When, back in June 2013, I spoke at a policy dialogue in New Delhi hosted by the Ministry of Human Resource Development, the key question was whether India should even bother to engage with the World University Rankings: India had too many pressing national concerns to worry about, it was argued, and the pursuit of success in global rankings could be a distraction.
I argued passionately, of course, that a country with such a rich intellectual history and with such huge economic potential not only deserved but desperately needed universities that could compete at the highest level on the world stage. The rapid and vast expansion of India’s higher education sector need not preclude the cultivation of world-class teaching and learning in a mixed economy of higher education providers.
Eighteen months later and the climate has changed dramatically.
Last week, Times Higher Education was invited by India’s president, Pranab Mukherjee, to speak on the power of global rankings at his residence, the Rashtrapati Bhavan, at a conference for the heads of the 114 “central” institutions, including the prestigious IITs (Indian Institutes of Technology), where President Mukherjee acts as “visitor”.
At the opening dinner for the conference, President Mukherjee was very clear: India cannot aspire to be a world power without having a single world-class university, he said. This message, a constant refrain from the president, “has found resonance amongst the institutions, who have now started looking at the international ranking processes in a more proactive and systematic manner”.
Innovation, the president said, “is the currency of the future” – and universities must be at the heart of that. “Innovation converts research into wealth. Unless we recognise this reality and start working in a focused manner on creating a strong innovation culture in our country now, we will be left behind in the march to modernity.”
Indeed, such is the enthusiasm for pursuing a higher standing in the rankings, it seems that India is heading for its own version of the type of excellence initiative that has been so successful in China, and that is being pursued with such vigour in Russia now, too. Such initiatives focus special funding and attention on a hand-picked elite group of institutions to help them compete with the very best in the world.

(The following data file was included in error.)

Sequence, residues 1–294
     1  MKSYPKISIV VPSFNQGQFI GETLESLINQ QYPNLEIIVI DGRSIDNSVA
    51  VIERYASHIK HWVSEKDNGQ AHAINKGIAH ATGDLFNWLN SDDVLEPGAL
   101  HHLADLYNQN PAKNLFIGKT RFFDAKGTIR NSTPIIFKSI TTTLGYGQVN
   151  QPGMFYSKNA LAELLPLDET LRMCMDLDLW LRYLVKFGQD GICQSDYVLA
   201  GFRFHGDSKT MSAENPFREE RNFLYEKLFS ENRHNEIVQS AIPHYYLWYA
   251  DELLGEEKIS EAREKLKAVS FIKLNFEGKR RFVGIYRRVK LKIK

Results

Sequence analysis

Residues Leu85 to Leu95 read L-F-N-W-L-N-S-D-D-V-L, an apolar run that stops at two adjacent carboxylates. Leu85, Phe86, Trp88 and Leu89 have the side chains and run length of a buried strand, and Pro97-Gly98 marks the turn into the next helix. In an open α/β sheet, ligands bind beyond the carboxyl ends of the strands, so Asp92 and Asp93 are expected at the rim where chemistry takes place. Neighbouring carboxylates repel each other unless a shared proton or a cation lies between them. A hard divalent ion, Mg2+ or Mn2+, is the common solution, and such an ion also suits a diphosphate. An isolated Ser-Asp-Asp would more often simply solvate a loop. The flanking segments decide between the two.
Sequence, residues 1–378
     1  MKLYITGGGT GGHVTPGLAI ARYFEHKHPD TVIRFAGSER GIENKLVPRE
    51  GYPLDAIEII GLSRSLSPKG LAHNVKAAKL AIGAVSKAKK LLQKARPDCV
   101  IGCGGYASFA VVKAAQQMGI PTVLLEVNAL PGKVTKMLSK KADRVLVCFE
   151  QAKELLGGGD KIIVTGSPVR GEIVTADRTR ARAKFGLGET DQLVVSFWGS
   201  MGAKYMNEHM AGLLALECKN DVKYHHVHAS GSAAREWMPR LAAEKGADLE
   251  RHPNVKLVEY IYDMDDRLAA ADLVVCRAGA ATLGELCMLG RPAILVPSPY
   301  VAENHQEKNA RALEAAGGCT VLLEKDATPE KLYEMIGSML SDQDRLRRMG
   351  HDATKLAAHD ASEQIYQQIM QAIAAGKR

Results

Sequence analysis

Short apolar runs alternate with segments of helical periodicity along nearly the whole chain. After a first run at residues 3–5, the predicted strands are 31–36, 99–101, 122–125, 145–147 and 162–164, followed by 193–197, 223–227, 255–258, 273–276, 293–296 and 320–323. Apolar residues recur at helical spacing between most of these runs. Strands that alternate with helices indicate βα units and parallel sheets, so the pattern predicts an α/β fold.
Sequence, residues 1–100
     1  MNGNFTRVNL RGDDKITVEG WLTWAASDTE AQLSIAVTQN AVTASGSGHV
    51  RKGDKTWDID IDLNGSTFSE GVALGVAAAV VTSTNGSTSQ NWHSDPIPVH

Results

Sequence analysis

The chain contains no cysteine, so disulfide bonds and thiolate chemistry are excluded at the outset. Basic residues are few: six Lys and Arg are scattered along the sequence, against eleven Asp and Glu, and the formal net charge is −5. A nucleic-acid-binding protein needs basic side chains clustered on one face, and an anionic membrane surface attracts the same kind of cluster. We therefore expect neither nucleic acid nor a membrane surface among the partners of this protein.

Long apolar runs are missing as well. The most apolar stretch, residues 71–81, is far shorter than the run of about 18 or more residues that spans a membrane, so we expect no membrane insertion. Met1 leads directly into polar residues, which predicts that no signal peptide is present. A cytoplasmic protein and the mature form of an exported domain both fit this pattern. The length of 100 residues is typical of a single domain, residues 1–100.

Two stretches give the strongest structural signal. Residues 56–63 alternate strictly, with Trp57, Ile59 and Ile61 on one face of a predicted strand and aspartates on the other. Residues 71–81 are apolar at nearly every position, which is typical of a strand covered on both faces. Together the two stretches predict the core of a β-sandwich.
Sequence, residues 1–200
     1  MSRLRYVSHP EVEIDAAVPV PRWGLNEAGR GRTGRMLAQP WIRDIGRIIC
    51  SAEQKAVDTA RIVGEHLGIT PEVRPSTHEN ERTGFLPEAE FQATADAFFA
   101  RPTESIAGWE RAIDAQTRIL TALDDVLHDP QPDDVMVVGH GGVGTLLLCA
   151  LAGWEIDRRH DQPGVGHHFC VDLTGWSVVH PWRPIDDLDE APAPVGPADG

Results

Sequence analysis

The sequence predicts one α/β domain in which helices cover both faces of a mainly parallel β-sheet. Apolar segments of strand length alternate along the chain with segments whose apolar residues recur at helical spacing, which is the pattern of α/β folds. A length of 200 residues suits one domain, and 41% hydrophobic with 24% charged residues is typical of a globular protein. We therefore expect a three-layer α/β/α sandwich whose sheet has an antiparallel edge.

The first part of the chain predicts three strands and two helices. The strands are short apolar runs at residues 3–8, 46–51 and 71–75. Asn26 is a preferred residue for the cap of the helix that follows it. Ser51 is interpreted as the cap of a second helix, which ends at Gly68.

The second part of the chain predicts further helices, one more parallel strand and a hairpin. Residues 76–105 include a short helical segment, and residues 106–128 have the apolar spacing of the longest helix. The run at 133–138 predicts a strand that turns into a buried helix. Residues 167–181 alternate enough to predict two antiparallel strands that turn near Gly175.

President Mukherjee said: “If we provide enough funds to the top 10 to 15 institutions for the next four to five years, these institutions will certainly storm into the top 100 of global academic rankings within the next few years.”
The president stressed the importance of two elements that happen to be core to the Times Higher Education World University Rankings – the “symbiotic relationship between teaching and research”, which will be supported by a push to award more PhDs, and the need for “a strong inter-linkage between industry and academia”.
In addition, India has embraced national rankings, with a new rankings framework agreed by the Ministry of Human Resource Development. This will improve the collection and sharing of institutional data and benchmarking, with the aim of driving success globally.
“Apart from giving the nation, the institutions, its students and its alumni a sense of pride, a high rank can help attract quality faculty and meritorious students, open fresh avenues of growth and placement for students, and provide a benchmark for continuous improvement in standards,” the president said.
President Mukherjee concluded by quoting Mahatma Gandhi: “A small body of determined spirits fired by an unquenchable faith in their mission can alter the course of history.”
It seems that we could be entering a new era, with India’s leading universities and institutions playing a much greater role in shaping the future of global higher education.
Phil Baty is editor of the THE World University Rankings.